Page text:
Open Access (free)
Power in cross-border Cooperation

The volume explores a question that sheds light on the contested, but largely cooperative, nature of Arctic governance in the post-Cold War period: How do power relations matter – and how have they mattered – in shaping cross-border cooperation and diplomacy in the Arctic? Through carefully selected case studies – from Russia’s role in the Arctic Council to the diplomacy of indigenous peoples’ organisations – this book seeks to shed light on how power performances are enacted constantly to shore up Arctic cooperation in key ways. The conceptually driven nature of the enquiry makes the book appropriate reading for courses in international relations and political geography, while the carefully selected case studies lend themselves to courses on Arctic politics.

Straddling the fence

Sweden is seen as a forerunner in environmental and ecological policy. This book is about policies and strategies for ecologically rational governance, and uses the Swedish case study to ask whether or not it is possible to move from a traditional environmental policy to a broad, integrated pursuit of sustainable development, as illustrated through the ‘Sustainable Sweden’ programme. It begins by looking at the spatial dimensions of ecological governance, and goes on to consider the integration and effectiveness of sustainable development policies. The book analyses the tension between democracy and sustainable development, which has a broader relevance beyond the Swedish model, to other nation states as well as the European Union as a whole. It offers the latest word in advanced implementation of sustainable development.

2579Ch2 12/8/03 11:47 AM Page 25 2 ‘Nested enterprises’? Spatial dimensions of ecological governance Do the twain ever meet? ‘Natural’ and ‘man-made’ systems and the problem of scale The nature–society interface: different scales, problems of fit, and nestedness Space is of central concern to rational ecological governance. Environmental problems and resource management issues cross the man-made scales of local, regional or national governments. The question thus becomes how ‘to negotiate a better fit’ in responding to very complex ecological challenges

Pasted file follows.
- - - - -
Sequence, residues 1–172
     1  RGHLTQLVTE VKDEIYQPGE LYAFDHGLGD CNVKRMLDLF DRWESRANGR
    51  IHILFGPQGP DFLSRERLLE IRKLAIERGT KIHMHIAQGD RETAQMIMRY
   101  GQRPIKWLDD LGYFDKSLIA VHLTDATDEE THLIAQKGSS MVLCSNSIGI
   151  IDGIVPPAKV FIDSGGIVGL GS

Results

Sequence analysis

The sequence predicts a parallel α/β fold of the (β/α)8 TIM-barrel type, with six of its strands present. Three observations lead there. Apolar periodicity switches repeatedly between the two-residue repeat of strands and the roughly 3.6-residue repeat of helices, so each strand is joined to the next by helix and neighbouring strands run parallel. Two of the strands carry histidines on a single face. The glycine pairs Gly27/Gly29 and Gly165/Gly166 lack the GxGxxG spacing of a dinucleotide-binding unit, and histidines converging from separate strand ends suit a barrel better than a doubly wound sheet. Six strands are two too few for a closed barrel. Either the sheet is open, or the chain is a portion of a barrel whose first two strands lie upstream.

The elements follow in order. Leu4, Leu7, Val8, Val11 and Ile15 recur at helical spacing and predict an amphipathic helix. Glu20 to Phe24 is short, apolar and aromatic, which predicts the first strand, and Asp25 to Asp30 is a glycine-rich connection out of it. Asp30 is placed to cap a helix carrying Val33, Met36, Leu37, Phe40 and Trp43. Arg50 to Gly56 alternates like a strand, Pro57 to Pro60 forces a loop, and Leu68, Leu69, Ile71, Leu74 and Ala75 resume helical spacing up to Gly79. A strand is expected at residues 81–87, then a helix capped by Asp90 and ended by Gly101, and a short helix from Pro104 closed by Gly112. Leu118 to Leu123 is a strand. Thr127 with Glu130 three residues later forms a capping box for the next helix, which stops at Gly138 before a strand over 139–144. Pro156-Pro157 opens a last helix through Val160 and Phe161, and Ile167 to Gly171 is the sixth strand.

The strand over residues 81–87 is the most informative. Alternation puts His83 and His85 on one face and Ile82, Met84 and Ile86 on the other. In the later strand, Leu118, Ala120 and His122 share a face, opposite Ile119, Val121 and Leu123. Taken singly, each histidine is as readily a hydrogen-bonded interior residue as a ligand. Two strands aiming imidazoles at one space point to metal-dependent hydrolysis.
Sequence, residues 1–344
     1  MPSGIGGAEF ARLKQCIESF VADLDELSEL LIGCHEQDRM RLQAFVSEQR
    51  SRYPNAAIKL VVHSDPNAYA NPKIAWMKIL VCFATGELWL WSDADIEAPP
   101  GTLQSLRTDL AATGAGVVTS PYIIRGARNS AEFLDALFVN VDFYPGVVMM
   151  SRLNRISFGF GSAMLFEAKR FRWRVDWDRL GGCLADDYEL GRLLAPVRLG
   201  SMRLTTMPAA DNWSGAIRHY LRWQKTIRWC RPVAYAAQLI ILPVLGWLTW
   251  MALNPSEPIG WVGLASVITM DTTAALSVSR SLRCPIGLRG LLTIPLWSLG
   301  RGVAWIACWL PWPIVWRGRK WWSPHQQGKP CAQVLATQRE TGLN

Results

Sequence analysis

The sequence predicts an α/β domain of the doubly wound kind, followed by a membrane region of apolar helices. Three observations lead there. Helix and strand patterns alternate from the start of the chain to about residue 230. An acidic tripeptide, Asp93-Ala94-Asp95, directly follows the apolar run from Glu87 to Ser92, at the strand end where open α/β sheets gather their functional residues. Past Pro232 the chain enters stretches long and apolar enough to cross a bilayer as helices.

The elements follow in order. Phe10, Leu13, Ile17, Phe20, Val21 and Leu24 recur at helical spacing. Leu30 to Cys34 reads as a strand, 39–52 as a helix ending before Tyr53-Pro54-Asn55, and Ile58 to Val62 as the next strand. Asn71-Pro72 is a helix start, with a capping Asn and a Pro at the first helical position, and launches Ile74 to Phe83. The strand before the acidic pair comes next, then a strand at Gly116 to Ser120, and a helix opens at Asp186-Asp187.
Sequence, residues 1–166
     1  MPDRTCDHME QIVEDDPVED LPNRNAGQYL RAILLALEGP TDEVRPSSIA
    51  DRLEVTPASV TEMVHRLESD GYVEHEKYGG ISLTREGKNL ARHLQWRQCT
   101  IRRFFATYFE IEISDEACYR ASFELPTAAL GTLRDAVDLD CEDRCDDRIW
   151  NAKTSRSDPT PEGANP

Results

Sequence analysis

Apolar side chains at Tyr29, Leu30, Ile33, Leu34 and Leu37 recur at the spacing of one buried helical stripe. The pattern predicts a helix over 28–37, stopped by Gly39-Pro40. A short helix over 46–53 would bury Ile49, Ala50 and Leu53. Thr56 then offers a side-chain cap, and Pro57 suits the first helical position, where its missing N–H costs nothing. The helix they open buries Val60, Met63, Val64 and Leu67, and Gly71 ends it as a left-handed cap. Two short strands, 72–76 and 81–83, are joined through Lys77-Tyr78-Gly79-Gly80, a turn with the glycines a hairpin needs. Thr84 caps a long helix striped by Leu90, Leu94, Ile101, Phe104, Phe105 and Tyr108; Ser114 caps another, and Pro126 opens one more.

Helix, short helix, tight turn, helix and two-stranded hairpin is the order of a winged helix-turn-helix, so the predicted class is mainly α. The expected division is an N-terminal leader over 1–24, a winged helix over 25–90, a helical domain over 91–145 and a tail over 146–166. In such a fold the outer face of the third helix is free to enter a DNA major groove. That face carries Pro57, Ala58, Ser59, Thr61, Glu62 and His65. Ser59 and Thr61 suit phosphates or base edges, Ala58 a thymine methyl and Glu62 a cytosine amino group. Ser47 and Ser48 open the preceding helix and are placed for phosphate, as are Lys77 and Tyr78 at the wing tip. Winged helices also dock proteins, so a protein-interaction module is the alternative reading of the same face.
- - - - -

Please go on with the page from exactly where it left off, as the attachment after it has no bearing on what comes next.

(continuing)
in Sweden and ecological governance

2579Ch6 12/8/03 11:55 AM Page 148 6 Democracy and ecological governance – a balancing act Sustainability and democracy: a political dilemma Legitimising the balance between sustainability and autonomy; the need for democratic politics As pointed out in Chapter 1, this book builds on the normative argument that ecologically rational governance must strive for sustainability within the limits set by democracy and individual autonomy. The relationship among these values is quite complex. On the one hand, effective and in the longer term successful ecological

in Sweden and ecological governance

2579Ch5 12/8/03 11:54 AM Page 117 5 Governing in common – integration and effectiveness in ecological governance Specialisation or integration. Organising principles of ecological governance for sustainability From environment to sustainable development; the quest for effectiveness and integration The first decades of environmental policy in Sweden were characterised by an amalgamation of different governmental units dealing with aspects of the environmental issue into a recognisable sectoral policy domain. This was how SEPA came to be a specialised agency